And then there are the days when I wake up in the morning, eat, shower and go to work. And then I come home, eat, brush my teeth and go to bed. I seem to be having a lot of those days lately.

And yet? All this work that is keeping me so busy? It includes the following:

1) I've been hired to sing on the demo of a brand-spanking-new musical. Even better? I'm singing the Leading Lady role. And the music is so great I can't get it out of my head.

2) I've been hired to play the lead in an independent film by a director who's previous work has been on the festival circuit, and it's crazy because I honestly don't think I've ever worked on an independent film that felt this professional and this well put together. It's kind of surreal. And absolutely wonderful. And a lot of fun.

So all this work I'm doing? It's pretty awesome.

And to that little voice in my head? SHUT THE F UP.

8/28/09 - WIN

8/29/09 - WIN

Monday, September 07, 2009

The Unveiling

Of course, as soon as I took these and got permission to post them, he declared them both unfinished and went back to work. And then he made them even better.

I am very proud of him.

I wish you could see them in person. Much of the detail is lost in the photograph. But you get the idea.

Two headed boy

Don't take those pills your boyfriend gave you

I urge you to click on the photos so you can see more of the detail. Look closely at the boys face. The detail is incredible. And the dresser on the right in the second painting - that open drawer seems alive to me. Also, check out the reflection in the mirror. It's ghostly!


Sunday, September 06, 2009


I hope you were eating when you saw this.


Saturday, September 05, 2009

So good to have him home.



Good morning, Sunshine!

Me: Can you explain why it is that you feel the need to use your feet to shove the covers off of your body all the way down to the foot of the bed where they get all tangled up and make it nearly impossible for me to make the bed?

Him: Is there anything I do that I've been doing for my entire life that doesn't irritate you?

Friday, September 04, 2009

He thinks roadkill is good eatin'

I always have these grand imaginings. Adam says that my life is like that part in (500) Days of Summer where the audience sees the split-screen of Tom's Expectation next to his Reality and it's so awful because his Expectation is SO HIGH and Reality is. so. average.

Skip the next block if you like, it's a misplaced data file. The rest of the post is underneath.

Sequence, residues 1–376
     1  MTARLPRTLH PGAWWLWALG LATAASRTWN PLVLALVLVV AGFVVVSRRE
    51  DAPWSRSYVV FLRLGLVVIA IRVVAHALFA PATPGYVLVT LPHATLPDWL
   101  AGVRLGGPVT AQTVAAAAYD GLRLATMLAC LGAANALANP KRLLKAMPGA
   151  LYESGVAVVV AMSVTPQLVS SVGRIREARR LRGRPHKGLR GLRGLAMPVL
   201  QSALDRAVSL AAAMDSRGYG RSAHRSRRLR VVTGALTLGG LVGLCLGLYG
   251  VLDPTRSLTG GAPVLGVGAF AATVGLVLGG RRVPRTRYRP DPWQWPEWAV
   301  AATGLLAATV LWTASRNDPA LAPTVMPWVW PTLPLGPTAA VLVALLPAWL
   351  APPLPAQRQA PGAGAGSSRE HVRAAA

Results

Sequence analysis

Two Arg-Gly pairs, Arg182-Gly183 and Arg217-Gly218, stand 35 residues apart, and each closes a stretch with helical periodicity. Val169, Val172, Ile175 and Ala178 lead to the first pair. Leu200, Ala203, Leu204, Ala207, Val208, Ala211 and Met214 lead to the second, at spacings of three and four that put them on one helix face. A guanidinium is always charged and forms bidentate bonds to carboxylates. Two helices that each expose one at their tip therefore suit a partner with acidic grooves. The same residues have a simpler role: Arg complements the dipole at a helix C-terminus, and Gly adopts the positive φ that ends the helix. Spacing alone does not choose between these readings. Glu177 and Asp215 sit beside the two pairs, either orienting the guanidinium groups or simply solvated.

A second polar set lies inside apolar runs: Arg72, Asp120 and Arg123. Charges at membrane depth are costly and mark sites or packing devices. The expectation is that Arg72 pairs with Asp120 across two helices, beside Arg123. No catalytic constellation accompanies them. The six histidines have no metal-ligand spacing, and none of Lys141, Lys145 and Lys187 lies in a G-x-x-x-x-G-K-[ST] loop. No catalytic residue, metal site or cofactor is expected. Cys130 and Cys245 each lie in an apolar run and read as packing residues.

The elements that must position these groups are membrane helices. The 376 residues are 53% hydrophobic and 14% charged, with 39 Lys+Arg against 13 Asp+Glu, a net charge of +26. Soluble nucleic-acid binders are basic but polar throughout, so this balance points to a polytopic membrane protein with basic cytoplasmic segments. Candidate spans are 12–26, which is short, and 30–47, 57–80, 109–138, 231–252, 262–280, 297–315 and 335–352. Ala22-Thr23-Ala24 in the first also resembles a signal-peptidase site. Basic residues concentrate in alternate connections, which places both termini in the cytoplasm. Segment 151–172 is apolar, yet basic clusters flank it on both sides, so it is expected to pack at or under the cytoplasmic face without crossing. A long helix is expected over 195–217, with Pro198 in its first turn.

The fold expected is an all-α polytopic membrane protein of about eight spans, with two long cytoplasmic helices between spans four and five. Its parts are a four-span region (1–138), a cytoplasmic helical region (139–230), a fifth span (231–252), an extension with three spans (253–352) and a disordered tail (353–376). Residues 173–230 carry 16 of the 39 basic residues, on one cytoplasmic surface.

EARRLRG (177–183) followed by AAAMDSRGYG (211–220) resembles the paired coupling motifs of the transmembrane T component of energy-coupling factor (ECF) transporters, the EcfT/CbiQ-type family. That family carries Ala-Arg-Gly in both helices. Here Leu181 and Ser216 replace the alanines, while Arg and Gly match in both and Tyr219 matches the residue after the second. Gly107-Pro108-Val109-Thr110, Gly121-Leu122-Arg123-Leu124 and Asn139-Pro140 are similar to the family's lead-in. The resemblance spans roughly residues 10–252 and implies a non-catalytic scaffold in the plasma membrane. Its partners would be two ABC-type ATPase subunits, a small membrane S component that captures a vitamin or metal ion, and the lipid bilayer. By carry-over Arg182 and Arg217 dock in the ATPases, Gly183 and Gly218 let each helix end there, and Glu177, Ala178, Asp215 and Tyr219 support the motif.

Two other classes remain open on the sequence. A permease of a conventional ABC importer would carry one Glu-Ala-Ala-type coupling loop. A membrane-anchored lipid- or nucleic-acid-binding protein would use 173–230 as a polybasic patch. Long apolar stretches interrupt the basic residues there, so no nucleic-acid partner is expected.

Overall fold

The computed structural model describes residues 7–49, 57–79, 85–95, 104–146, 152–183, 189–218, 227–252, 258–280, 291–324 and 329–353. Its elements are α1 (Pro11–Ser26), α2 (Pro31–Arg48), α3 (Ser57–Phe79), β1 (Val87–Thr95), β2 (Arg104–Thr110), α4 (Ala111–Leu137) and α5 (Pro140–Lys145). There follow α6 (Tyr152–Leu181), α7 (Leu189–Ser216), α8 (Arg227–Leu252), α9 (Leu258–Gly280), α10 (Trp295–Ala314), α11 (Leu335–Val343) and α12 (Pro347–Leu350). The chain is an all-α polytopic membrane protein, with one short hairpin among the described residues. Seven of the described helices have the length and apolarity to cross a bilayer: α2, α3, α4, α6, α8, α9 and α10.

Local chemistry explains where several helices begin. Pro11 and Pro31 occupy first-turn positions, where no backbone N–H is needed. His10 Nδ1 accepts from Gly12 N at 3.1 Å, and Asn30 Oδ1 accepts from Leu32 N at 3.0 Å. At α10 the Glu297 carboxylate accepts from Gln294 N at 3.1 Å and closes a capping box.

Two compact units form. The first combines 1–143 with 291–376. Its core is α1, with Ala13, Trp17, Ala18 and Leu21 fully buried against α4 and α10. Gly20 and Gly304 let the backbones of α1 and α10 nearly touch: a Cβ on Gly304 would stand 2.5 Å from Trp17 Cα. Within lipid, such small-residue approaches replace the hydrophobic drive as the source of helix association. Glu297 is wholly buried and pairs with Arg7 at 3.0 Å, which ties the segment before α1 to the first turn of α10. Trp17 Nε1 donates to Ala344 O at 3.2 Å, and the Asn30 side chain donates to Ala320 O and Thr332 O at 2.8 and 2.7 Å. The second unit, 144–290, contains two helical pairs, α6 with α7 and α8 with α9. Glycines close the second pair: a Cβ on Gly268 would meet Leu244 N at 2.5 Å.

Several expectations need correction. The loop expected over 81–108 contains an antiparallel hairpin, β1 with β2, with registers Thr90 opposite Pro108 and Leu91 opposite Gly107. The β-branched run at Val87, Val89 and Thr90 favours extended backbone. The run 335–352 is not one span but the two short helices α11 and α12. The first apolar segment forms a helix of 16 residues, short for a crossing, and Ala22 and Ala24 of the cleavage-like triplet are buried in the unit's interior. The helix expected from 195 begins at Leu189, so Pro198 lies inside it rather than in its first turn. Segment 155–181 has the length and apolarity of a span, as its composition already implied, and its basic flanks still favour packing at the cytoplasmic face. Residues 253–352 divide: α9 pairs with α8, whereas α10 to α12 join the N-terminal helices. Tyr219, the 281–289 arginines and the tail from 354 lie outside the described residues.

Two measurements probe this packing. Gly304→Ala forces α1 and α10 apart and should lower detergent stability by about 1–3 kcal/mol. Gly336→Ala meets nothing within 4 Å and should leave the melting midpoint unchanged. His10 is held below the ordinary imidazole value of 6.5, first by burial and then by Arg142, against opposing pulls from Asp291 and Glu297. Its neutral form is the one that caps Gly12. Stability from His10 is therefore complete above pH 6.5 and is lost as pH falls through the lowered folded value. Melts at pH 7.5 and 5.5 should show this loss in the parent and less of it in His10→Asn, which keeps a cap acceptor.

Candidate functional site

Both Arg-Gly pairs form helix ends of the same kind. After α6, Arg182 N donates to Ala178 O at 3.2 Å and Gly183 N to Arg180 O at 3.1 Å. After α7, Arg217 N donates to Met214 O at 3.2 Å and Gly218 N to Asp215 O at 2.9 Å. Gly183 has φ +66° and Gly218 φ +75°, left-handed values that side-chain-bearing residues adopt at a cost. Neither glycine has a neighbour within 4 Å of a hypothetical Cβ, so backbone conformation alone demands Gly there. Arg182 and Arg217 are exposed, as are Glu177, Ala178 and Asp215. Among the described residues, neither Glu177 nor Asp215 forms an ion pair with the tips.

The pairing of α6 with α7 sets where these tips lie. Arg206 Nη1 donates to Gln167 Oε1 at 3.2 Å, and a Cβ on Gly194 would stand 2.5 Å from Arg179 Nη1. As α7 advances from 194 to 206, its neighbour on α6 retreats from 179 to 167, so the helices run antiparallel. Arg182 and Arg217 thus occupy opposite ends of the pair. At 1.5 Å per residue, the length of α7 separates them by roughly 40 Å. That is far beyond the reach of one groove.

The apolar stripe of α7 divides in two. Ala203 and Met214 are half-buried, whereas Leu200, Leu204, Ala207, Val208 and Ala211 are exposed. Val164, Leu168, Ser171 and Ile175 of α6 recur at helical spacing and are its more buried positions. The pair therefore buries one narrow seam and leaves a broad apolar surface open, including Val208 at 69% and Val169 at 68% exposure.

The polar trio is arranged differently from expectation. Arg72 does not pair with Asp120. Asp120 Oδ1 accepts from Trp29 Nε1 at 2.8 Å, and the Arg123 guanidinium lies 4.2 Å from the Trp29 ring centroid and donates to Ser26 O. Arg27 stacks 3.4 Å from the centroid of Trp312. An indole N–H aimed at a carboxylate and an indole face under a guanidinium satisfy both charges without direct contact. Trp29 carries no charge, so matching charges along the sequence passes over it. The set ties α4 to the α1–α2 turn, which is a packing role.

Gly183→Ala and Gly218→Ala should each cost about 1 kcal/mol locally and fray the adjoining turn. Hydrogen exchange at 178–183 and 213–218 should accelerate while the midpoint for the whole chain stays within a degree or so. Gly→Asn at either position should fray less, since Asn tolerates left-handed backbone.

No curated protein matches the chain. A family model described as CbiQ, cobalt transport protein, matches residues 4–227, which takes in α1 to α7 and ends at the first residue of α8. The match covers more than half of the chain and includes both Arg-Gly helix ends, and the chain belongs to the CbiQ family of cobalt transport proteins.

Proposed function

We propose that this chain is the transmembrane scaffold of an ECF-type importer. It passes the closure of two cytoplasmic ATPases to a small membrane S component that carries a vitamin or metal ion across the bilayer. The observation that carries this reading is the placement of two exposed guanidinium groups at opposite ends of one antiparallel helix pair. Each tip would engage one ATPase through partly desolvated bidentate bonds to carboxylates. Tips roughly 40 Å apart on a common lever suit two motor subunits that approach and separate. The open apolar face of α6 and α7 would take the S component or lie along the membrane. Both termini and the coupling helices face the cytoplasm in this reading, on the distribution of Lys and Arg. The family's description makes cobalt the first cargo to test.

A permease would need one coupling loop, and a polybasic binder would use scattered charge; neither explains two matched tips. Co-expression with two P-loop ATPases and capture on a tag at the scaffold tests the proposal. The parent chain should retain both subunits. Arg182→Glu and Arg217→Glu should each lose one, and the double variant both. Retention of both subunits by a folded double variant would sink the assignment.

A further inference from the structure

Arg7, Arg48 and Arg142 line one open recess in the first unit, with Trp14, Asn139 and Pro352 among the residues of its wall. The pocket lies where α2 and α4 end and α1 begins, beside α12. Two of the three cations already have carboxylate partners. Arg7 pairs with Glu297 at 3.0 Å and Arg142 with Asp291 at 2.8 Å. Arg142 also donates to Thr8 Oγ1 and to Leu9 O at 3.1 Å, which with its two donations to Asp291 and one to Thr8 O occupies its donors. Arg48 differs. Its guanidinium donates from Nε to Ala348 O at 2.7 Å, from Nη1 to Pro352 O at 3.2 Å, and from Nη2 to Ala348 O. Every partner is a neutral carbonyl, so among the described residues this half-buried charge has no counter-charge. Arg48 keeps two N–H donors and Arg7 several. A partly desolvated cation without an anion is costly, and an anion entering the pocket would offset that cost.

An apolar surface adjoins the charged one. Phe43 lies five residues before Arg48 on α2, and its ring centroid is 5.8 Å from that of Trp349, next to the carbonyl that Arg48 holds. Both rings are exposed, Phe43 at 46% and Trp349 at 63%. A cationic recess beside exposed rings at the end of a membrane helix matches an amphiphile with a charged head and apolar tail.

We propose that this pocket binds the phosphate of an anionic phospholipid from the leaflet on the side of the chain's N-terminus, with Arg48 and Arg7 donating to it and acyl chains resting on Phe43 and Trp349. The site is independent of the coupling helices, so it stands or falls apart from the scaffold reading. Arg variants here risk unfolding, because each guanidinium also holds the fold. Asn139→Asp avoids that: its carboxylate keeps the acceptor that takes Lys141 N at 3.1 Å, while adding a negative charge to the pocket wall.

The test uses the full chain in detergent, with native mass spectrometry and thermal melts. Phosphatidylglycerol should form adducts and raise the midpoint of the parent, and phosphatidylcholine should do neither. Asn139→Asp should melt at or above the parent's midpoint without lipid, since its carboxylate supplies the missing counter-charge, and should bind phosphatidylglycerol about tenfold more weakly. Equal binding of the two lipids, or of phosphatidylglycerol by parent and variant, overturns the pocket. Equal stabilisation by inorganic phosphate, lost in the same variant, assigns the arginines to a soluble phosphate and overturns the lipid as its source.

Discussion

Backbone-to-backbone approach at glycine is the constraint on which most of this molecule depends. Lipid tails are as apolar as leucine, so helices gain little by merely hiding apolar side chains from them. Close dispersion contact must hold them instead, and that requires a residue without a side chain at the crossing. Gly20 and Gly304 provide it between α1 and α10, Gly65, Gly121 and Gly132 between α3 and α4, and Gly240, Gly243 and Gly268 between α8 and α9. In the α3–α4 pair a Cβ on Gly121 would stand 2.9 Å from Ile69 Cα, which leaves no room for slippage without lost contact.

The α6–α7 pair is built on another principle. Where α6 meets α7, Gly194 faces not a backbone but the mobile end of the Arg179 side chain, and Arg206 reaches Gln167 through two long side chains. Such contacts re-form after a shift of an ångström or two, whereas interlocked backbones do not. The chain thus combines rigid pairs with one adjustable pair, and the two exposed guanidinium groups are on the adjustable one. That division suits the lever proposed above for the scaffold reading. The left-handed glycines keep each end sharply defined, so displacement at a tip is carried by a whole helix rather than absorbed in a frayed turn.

Speaking of that movie, who's title I don't feel like typing out again, have you ever seen a movie so brilliant, that while you are watching it you alternate between wanting to call everyone you know to demand that they see it and feeling like your life is a worthless mess because you could never create anything so beautiful? That is how I felt when I watched that movie. And then it ended. And the ending was so awful, so lame, so cheap, so insipid... that I finally understood why my dad is always talking about the third act of movies and why they're so important. The ending actually offended me. I was actually offended. Because of the ending, and only the ending, I would recommend that you spend your $12.50 on a different movie. Or, at the very least, that you leave the theatre at the 1 hour 20 minute mark. I mean it.

So anyway, I have these grand imaginings and I'm frequently disappointed. (Right, I should probably work on lowering my expectations. But the fantasy is so fun.) I really thought I would write a big beautiful heartwarming post about my husband's return from the JMT, and my experience of not being able to see him or talk to him for twenty-one days. You know, I'd write all about how much better my life is when he's around, yet how much I learned about myself from being on my own for nearly a month, blah blah blah. Because it's a kind of a big deal to be out of communication with your spouse for twenty-one days.

But I didn't write a thing. This post was written eight days after his return. Eight! Because when he came home and it was time to write the big heartwarming post, I just couldn't tear myself away from him long enough to write. And then? When I finally could tear myself away? By then he was leaving dirty socks on the floor again, so... you know.

I'm kidding. He is leaving his socks on the floor, but it's also so wonderful to have him home, even with the dirty socks, that sometimes I just sit and stare at him, like when he's in the middle of doing something or whatever, and I just can't believe he's sitting there. Home. Mere inches away.

That's usually when I reach out and pinch him, really hard. And then he gets upset and yells about how violent I've become. But at least he's home.

I didn't take any photos the night he came back, and I only took a few the next day. I was too busy staring at him with awe and adoration to take a lot of photos. But, and aren't you lucky, I did take photos of his scary weight loss and his mountain man beard:

Escada is doing a whole Mountain Man look this fall. Just wait.

I'd like to point out that in this photo, Mike is wearing the jeans that were giving him muffin-top the day he left for his trip. If you ever want to lose fifteen pounds in three weeks, all you have to do is hike 15-20 miles every day while wearing a fifty-pound backpack. It's way better than that maple-syrup-lemon-pepper diet. (We're not going to comment on the farmer's tan though, ok?) (Update: Mike has corrected me. It's a hiker's tan. My sincere apologies.) (Weirdo.)